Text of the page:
Who exactly is going to program the car to deal with every possible dangerous situation?

          This has been debunked a thousand times in real-world tests in snowy conditions - while in a laboratory setting braking distance without ABS can be shorter (allowing brakes to lock usually actually results in shorter braking distance on dry road!) in practically all real-world scenarios even experienced rally drivers who know what to expect perform worse without ABS.

          The same has been (to a lesser extent) said about stability control - a few "experienced" drivers claim that they will perform better than any

    • and that criminal liability may come down on the coders as well the factory floor even down to the car service center.

    • by fuzzyfuzzyfungus ( 1223518 ) on Friday March 09, 2012 @09:59PM (#39308615) Journal
      There is arguably one major gap in the analogy with vaccines(unless your plan includes it but simply didn't state it):

      The vaccine injury system is designed to deal, as efficiently as messy compromise allows, with the fact that vaccines(as with other drugs and procedures) tend to have risks that show up at the population level that couldn't have been detected in clinical trials of any feasible size and/or are substantially lower than their benefits. The logic is that these cases have victims deserving of compensation; but arise without culpable negligence or malice.

      It doesn't, and isn't intended to, cover other risk/liability issues arising in medicine that incidentally involve vaccines. If, say, your doctor stored a vaccine improperly and administered a contaminated or spoiled dose, that wouldn't be a vaccine injury, that'd be malpractice that happened to involve a vaccine rather than some other drug. In such a case, the damages would be partially to compensate you and partially to punish them; because there are both damages and culpable negligence or malice at play.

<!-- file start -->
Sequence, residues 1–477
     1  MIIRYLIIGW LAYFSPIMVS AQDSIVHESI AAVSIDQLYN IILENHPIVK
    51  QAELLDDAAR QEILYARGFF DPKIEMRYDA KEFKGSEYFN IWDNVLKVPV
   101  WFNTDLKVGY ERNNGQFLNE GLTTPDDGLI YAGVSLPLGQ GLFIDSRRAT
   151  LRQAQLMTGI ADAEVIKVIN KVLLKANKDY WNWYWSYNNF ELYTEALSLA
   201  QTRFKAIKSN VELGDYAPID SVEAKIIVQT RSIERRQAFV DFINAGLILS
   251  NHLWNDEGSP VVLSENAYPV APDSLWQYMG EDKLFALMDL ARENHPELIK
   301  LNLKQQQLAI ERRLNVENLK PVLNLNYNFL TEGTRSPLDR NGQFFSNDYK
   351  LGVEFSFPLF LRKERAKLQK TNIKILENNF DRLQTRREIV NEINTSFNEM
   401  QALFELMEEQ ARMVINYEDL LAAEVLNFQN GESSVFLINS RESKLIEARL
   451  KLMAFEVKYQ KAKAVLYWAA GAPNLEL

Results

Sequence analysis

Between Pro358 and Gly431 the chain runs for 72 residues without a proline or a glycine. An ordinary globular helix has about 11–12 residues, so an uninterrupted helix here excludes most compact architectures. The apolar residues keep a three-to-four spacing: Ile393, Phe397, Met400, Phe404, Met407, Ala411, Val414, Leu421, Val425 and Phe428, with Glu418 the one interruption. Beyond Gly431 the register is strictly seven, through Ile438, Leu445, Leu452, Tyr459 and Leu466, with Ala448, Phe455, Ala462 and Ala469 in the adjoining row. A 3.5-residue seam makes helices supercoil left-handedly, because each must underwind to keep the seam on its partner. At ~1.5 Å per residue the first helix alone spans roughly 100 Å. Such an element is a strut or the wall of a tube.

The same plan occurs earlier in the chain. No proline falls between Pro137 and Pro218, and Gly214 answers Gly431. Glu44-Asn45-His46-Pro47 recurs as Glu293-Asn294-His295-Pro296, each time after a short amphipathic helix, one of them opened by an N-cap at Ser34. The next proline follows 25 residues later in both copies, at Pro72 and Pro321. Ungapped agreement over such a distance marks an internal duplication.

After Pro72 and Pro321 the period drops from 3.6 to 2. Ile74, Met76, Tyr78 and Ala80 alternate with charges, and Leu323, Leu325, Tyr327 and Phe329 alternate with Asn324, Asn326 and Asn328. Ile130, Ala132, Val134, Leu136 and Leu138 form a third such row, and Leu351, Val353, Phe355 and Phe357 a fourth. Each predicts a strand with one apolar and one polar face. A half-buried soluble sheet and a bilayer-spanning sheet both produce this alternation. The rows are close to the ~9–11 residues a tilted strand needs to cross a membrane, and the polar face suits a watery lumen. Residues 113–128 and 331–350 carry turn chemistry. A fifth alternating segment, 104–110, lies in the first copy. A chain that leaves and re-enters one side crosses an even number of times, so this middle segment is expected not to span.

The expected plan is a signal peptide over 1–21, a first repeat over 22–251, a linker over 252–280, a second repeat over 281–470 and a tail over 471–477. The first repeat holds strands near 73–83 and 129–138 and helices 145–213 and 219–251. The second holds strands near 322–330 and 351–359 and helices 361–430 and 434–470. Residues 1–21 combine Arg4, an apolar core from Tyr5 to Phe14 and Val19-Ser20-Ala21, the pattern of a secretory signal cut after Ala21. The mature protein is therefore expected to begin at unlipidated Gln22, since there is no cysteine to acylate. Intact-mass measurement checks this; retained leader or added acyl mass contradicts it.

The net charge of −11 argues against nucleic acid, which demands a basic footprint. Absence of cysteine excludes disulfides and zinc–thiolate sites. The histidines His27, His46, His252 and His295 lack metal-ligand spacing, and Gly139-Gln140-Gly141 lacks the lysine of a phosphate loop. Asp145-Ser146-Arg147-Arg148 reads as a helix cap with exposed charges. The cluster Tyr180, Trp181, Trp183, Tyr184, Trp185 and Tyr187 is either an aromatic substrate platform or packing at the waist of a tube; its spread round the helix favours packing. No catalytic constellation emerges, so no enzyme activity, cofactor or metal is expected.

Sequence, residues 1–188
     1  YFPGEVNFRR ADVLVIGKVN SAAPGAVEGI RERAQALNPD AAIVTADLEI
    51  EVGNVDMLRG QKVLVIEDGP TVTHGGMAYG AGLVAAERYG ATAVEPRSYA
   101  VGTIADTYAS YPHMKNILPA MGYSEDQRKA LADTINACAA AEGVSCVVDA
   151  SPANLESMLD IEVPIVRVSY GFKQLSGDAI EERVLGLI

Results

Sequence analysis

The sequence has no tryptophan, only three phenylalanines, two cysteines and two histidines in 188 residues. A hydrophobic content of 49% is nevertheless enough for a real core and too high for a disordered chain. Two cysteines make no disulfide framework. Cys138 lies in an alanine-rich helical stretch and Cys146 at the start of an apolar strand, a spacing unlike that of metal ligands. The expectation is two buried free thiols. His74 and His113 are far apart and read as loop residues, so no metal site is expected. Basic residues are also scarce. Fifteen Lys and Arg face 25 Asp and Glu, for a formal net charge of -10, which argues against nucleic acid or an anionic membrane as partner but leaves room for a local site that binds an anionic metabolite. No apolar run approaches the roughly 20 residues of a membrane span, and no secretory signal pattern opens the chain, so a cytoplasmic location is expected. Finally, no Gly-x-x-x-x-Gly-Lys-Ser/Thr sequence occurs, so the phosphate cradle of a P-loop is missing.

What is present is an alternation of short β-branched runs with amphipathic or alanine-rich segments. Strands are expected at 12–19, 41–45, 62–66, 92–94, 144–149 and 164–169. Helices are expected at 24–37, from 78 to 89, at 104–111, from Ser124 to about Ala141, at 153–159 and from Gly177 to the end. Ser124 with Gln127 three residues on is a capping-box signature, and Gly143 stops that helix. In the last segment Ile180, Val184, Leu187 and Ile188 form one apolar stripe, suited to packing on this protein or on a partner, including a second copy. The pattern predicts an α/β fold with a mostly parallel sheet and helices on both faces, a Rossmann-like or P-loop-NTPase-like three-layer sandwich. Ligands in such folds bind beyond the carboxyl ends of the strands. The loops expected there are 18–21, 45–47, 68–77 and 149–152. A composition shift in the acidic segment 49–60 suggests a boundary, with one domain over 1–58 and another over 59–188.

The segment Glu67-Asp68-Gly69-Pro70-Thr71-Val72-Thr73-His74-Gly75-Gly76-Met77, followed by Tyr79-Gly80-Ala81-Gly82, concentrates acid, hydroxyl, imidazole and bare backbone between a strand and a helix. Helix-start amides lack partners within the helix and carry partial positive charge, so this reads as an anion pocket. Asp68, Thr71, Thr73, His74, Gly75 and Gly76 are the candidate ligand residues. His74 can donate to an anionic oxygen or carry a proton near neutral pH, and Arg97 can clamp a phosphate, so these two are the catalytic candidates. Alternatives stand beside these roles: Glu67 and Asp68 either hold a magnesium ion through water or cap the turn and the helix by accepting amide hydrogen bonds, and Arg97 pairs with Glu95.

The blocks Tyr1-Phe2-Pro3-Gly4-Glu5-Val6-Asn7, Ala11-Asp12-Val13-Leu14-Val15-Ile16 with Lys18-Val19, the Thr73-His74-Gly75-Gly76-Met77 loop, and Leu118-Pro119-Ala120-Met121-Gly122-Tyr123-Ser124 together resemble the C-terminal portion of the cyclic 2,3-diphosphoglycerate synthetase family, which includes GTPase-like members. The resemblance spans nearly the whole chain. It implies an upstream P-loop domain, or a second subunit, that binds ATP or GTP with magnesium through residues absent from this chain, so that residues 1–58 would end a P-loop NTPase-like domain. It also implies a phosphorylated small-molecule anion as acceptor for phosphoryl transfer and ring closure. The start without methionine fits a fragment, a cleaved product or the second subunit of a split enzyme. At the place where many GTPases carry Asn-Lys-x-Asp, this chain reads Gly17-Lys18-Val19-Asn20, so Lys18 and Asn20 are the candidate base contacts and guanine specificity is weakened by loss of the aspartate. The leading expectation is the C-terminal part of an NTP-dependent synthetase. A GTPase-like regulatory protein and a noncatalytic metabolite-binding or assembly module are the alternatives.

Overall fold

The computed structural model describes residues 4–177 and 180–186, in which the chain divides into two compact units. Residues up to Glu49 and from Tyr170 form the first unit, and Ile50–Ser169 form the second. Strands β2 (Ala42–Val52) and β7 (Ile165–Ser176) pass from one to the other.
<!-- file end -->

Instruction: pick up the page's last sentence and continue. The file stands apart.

In the case of an autonomous car, the 'vaccine analogous' set of risks/compensations would only cover the set of risks inherent to the system's operation(corner cases where physics simply doesn't allow for a safe solution on the navigational system's part, system defects sufficiently rare and esoteric to have escaped reasonable diligence on the manufacturer's part, and so forth). It wouldn't usefully cover negligence on the part of either the manufacturer(in, say, corner-cutting on testing or design of safety critical systems) or the operator(operating a vehicle despite sensor or system faults, defeating safety-critical systems in order to achieve faster trips, etc.)

      When dealing with small, essentially unavoidable, risks there is a strong logic in favor of efficient compensation purely on the basis of injury(assuming that those risks carry benefits sufficient to justify their broad imposition...); but one must be careful not to immunize negligence and malice in a system designed to handle mere accident...

      I suspect that there will be fewer impaired computers than there will be impaired drivers; but I suspect that operators running cars with the sensor equivalent of shot breaks and dead turn signals will hardly be unknown, and corner cutting by some manufacturer or other is just a matter of time.
    • by jmichaelg ( 148257 ) on Friday March 09, 2012 @10:27PM (#39308771) Journal

      What you're proposing is a No Fault liability scheme. Circa 1989-1992, the insurance companies attempted to get a proposition passed that would have established No Fault insurance. Their pitch was very similar to your list of advantages plus they said that since their costs would decline, our rates would have as well.

        Despite the idea making a lot of sense, the personal injury lawyers succeeded in killing it as they viewed the proposal a direct threat to their livelihood which of course, it was. The proposition was aimed at cutting their take out of the transaction.